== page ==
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Nine ways to spot a scam ticketing site

The nine fake ticket site giveaways

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Scam ticket sites could leave you seriously out of pocket

Buying tickets to a major event is often tough work, but scam ticket sites make it tougher still. We’ve identified nine tell-tale signs to stop you getting ripped-off.

1) The site is advertising tickets as ‘available’ before they’re officially on sale

This is a classic giveaway that a website is fake, and can be easily checked by looking on the event venue’s website or on primary ticket sites such as Ticketmaster, Seetickets, Ticketweb and Ticketline. These should also tell you the date that the tickets are due to go on sale.

2) The ticket prices look too good to be true

When it comes to sourcing a ticket for your favourite band you’re likely to find ultra-low prices tempting – but if a ticket deal sounds too good to be true, alarm bells should be ringing.

3) Scam sites can look very slick, but spelling mistakes often give them away

Amazingly, scam sites are often given away by the little details.

In-between the slick looking production and graphics you may find little spelling mistakes that give the game away. You’re less likely to find these on an official, trustworthy ticket site.

4) It is selling tickets for an already sold out event

This is a dead give away that preys on people’s desperation. If the official ticket sites are telling you that an event is sold out, it probably is.

This doesn’t mean you have no chance of finding tickets, but you will have to pay a lot more for them on a secondary re-sale site such as Seatwave, Viagogo or Getmein.

5) the site’s selling second-hand Olympics and football tickets

If you find a site reselling Olympics or football tickets there’s a good chance it’s a scam site – for the simple reason that this is often illegal.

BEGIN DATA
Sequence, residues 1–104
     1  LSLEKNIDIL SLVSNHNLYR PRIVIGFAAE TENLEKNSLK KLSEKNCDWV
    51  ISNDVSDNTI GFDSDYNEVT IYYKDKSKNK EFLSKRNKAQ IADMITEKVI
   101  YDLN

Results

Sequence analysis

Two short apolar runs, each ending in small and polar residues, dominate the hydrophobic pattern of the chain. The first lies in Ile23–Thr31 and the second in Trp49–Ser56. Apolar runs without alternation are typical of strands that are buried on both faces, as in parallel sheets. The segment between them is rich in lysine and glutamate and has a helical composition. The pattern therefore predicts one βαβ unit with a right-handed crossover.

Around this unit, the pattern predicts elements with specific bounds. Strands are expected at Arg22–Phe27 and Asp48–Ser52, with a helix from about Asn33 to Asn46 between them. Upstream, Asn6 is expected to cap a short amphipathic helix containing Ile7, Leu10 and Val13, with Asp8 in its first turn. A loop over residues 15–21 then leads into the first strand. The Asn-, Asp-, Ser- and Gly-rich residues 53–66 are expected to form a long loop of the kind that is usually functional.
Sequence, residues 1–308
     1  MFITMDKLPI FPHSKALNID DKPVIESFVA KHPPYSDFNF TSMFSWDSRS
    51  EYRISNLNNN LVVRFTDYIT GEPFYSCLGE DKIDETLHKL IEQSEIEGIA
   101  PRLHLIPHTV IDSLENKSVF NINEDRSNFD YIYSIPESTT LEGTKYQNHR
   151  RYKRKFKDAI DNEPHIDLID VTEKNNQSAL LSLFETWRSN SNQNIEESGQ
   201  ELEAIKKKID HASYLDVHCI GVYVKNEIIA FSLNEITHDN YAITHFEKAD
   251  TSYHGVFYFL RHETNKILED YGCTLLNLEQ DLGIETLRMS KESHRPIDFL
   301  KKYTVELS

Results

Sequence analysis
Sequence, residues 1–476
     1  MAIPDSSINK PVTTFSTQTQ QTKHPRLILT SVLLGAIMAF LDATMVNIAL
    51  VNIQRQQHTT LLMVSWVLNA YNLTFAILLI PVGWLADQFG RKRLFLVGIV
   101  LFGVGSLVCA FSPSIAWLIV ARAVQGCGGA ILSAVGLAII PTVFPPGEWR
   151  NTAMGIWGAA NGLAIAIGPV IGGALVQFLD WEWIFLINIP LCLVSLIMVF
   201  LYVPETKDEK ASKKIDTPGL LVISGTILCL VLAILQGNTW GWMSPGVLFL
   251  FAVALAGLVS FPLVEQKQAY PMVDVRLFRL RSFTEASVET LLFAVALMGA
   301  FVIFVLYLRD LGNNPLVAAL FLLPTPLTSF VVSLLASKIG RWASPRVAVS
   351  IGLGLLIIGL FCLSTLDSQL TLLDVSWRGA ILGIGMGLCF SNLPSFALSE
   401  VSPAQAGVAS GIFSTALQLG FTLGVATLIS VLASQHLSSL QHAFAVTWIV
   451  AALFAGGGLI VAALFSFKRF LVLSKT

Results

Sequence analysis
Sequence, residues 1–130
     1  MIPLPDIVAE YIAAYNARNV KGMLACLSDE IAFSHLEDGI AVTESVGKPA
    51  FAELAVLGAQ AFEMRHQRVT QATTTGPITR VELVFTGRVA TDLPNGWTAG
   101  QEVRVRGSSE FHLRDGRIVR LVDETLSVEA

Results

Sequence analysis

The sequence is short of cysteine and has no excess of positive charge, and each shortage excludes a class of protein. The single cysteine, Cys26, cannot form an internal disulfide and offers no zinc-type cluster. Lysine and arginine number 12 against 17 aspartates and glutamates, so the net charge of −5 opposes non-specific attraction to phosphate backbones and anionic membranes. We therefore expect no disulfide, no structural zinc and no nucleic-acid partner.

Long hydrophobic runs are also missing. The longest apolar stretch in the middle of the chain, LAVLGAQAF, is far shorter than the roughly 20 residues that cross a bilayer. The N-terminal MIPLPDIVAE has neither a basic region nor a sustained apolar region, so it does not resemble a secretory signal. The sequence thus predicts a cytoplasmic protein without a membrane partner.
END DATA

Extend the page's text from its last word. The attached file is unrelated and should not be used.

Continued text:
6) Company details, such as the ‘About us’ link, are missing

All reputable websites will have a section telling you about the company, often under an ‘About us’ link. This will contain details about what the company does and where they are registered, so it’s not a good sign if you can’t find it.

7) There’s no address or contact telephone number

Scam sites will often omit to include an address or contact number – for obvious reasons – so this is another good giveaway that a website isn’t all it appears be.

8) When it asks for your credit card details, you are redirected to an unsecure site

Any trustworthy site asking for financial details should be a secure site, indicated by an ‘s’ appearing after the ‘http’ section at the beginning of the page URL.

If there’s no ‘s’, the site isn’t secure and you should avoid providing it with your personal financial details. There should also be a padlock symbol in your browser’s task bar, at the bottom of the page.

9) It looks like a replica of a trusted site

This may sound obvious, but scam sites can often be given away by their similarity to other, official websites. Many scam sites have a very similar design and layout to trustworthy online retail sites, with a few small differences in design or a similar sounding name.

Spot the difference…

Consumer Direct have produced a mock-up version of what a fake ticket site may look like, which incorporates many of the points you’ve read about above. See if you can spot them.

If you’ve been scammed

Thanks to consumer protection measures, getting scammed by a ticket site doesn’t mean you will necessarily be out of pocket. If you have spent more than £100 on a ticket that never arrived and you paid for it with a credit card, you may be able to claim the money back from your card provider through Section 75 of the Consumer Credit Act.

If that isn’t possible, you may be able to reclaim your money using Chargeback. This is an industry scheme that card providers such as Visa and MasterCard sign up to, and it applies to debit cards as well as credit cards.

Finally, if you think you’ve been scammed you can also contact Consumer Direct on 0845 404 0506. It can offer advice and also collects intelligence on scams that is used by Trading Standards Officers, to help prevent other people from being ripped off.

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